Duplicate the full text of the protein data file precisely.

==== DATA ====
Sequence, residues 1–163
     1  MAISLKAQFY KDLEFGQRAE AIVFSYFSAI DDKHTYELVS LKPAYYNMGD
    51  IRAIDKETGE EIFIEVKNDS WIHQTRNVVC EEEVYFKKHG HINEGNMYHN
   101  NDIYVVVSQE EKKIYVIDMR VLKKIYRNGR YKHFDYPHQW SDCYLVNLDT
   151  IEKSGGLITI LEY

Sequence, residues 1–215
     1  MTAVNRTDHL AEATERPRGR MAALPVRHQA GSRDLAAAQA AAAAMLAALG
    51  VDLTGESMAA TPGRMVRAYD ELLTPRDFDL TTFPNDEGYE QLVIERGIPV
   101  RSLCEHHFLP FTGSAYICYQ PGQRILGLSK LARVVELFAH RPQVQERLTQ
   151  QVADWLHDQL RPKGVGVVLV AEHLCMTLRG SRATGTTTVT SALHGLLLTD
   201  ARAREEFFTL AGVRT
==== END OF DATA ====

Sequence, residues 1–163
     1  MAISLKAQFY KDLEFGQRAE AIVFSYFSAI DDKHTYELVS LKPAYYNMGD
    51  IRAIDKETGE EIFIEVKNDS WIHQTRNVVC EEEVYFKKHG HINEGNMYHN
   101  NDIYVVVSQE EKKIYVIDMR VLKKIYRNGR YKHFDYPHQW SDCYLVNLDT
   151  IEKSGGLITI LEY

Sequence, residues 1–215
     1  MTAVNRTDHL AEATERPRGR MAALPVRHQA GSRDLAAAQA AAAAMLAALG
    51  VDLTGESMAA TPGRMVRAYD ELLTPRDFDL TTFPNDEGYE QLVIERGIPV
   101  RSLCEHHFLP FTGSAYICYQ PGQRILGLSK LARVVELFAH RPQVQERLTQ
   151  QVADWLHDQL RPKGVGVVLV AEHLCMTLRG SRATGTTTVT SALHGLLLTD
   201  ARAREEFFTL AGVRT